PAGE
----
2013 In Review
January 2, 2014
I went back through the notes I kept this year and came up with a short list of memorable sports stories that surfaced this past year. As always, some of the stories are on the playing field and some are, sadly so, off the field.
Miami Heat Repeat
LeBron James, some say in a joking manner, promised upwards of five NBA titles when he joined the Miami Heat three years ago. He and the Heat got number two in 2013 as James clearly took over as the best basketball player on the planet.
LeBron is da best
Red Sox win World Series.
The 2013 World Series title was a gift for wounded Boston. The clincher came in Boston, six months after the city was shocked by the deadly marathon bombings. Soon after the disaster, the Red Sox emerged as a sign of hope for the city. The BoSox rebounded in a big way in 2013 after a terrible 2012 season. The Marathon will go on this year and the healing process will continue.
Red Sox triumph
Lance Armstrong finally came clean.
It took a long long time but Armstrong ended his years of denials about doping. He did so on January 17th of this year and his confession put him on a par with Canadian athlete Ben Johnson as the world’s most notorious drugs cheat. It was quite a confession. He stated it would have been impossible to win even one of his seven Tour de France titles without the drugs. He called himself a ‘flawed individual.’
Lance the jerk
Oscar Pistorius was accused of murder.
This one came out of nowhere. Of course we knew little about him except that he triumphed over disability to compete with able-bodied athletes at the Olympics. South Africa’s “Blade Runner,” a double amputee who uses carbon-fiber prosthetic blades to compete, will be tried for murder next year. He is accused of murdering his girlfriend Reeva Steenkamp on Valentine’s Day.
Andy Murray wins
Tennis fans had to like this story. Murray ended Britain’s 77-year wait for a Wimbledon men’s champion by beating Novak Djokovic in an amazing final at the All England Club in July. Cheered on by thousands of local fans on Centre Court and millions across Britain, the Scottish player won tennis’s most prestigious title in straight sets. His on-court interview minutes after the win was priceless and brought tears to yours truly.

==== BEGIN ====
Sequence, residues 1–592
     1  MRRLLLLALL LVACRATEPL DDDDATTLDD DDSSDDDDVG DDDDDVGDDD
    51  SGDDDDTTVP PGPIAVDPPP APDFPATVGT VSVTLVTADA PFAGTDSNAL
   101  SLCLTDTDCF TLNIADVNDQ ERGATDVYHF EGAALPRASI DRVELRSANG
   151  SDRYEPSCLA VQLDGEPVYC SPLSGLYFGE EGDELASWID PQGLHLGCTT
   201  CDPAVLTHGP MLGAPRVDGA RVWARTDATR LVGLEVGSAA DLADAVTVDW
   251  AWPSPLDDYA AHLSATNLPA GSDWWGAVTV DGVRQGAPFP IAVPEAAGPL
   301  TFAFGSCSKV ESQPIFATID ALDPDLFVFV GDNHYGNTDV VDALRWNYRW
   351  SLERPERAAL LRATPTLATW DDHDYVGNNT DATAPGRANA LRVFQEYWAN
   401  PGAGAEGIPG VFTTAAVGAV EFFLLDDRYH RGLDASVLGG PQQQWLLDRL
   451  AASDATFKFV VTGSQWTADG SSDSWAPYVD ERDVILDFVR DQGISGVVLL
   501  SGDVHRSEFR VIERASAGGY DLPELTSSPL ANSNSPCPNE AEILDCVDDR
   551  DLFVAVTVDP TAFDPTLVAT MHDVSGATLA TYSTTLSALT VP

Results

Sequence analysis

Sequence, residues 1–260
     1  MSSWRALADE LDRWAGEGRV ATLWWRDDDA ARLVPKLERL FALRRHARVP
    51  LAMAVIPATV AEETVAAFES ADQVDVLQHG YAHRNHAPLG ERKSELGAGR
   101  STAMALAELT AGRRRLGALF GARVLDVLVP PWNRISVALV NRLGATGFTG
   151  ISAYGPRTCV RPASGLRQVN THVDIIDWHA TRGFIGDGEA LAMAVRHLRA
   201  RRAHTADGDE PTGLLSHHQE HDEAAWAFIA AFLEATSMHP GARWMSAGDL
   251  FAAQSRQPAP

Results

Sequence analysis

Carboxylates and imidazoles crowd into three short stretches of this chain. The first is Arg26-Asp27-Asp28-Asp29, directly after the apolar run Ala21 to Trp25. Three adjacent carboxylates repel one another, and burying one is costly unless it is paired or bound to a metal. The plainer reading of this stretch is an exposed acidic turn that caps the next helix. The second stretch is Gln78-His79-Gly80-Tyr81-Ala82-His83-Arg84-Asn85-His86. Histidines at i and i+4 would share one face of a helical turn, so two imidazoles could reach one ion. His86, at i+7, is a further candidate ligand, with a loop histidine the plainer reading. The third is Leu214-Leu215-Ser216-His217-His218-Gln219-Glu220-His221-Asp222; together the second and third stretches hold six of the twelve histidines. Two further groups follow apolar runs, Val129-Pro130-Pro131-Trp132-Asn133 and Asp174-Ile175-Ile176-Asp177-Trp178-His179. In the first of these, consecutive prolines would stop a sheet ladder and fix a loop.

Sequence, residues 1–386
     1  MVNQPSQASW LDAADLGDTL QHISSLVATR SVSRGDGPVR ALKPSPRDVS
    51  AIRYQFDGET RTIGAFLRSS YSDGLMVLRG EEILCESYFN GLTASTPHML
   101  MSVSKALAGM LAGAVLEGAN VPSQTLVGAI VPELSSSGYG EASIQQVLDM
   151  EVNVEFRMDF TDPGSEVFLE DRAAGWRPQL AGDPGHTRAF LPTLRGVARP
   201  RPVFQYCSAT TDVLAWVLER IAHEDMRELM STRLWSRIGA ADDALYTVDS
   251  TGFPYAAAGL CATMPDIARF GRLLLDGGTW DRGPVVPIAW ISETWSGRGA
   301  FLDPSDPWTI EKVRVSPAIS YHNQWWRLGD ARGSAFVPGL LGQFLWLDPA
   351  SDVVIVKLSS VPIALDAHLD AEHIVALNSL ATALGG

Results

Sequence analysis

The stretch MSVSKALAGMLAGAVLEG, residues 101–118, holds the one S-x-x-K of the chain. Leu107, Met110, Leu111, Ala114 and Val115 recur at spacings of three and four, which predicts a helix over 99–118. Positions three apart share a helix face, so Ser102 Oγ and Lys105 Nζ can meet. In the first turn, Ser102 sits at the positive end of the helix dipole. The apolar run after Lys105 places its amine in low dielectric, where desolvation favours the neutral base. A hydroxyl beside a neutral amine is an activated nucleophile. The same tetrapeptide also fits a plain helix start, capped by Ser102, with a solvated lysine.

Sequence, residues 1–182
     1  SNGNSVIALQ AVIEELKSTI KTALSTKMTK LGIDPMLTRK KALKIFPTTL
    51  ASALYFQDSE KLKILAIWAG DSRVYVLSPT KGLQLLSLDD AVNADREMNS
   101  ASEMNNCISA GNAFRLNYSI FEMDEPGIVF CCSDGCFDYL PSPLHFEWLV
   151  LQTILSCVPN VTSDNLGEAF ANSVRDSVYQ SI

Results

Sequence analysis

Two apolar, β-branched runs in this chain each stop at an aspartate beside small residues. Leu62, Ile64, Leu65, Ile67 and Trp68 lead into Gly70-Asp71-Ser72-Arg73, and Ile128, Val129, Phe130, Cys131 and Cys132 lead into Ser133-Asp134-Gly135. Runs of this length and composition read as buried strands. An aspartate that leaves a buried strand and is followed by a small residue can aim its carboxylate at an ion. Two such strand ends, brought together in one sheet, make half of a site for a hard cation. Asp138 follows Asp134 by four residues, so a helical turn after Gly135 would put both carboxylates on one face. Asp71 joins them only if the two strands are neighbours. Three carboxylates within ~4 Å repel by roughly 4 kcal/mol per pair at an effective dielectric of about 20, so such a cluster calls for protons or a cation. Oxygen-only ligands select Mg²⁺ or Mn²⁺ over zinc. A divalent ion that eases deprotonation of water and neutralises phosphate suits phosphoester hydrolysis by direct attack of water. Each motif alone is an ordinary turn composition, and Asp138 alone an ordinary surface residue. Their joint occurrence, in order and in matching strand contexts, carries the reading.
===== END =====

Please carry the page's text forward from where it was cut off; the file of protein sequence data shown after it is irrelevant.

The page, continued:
Murray with his trophy
Mariano Rivera retires.
Speaking of tears. Baseball’s greatest closer was reduced to tears on Sept. 26 while on the mound as he ended a remarkable 19 year career. Calling the moment, “magical” after pitching yet another scoreless inning, Rivera closed out his career with 652 saves while being the Yankees closer for 17 seasons. “Mo” rose from poverty in Panama to be one of the most classy professional athletes this country has ever seen.
The Super Bowl Blackout.
I almost forgot about this one. But, yes, there was a blackout. A long one which delayed the game between the Baltimore Ravens and San Francisco 49ers for 34 minutes at the start of the third quarter. The lights finally came back on and what was a lopsided game became, shall I say, electric.
Before the blackout, Baltimore had taken a 28-6 lead after Jacoby Jones ran a kickoff back a record 108 yards for a touchdown. Afterwards, the 49ers came back, at one point scoring 17 unanswered points in four minutes. The delay seemed to faze Baltimore, while giving the Niners life. The Ravens finally prevailed, 34-31, but not before a stirring red-zone stand by their defense. Late in the game, the Niners had three chances to put the ball in the end zone from the five-yard line, and take the lead. But three times, Colin Kaepernick couldn’t connect with receiver Michael Crabtree.
Dancing in the dark at Super Bowl 2013
The Iron Bowl
My last one was just a few short weeks ago. It will be quite some time before we forget the ending of the Iron Bowl game between Auburn and Alabama.
The Crimson Tide was tied with arch-rival Auburn, 28-28, with one second left in this year’s annual matchup. Alabama, two-time defending national champs, sat atop the national rankings once again, and was riding a 15-game winning streak. The game appeared to be heading for overtime, but Bama coach Nick Saban decided to let a freshman backup kicker, Adam Griffith, try a 57-yarder for the win, rather than go for a Hail Mary. Or just take a knee for overtime.
Chris Davis after his Iron Bowl dash
Griffith’s kick – just his third field goal attempt of his college career, fell short, right into the hands of Auburn’s Chris Davis, who was camped in the end zone.
As Davis made his way up the sideline, it seemed as if Saban and the team had forgotten that missed field goals can be returned. Alabama’s field goal team hardly got near Davis. His dash–more than 100 yards–into the end zone won the game for Auburn, crushed Alabama’s hopes for a three-peat. And it ended up putting Auburn in the BCS Title Game next week.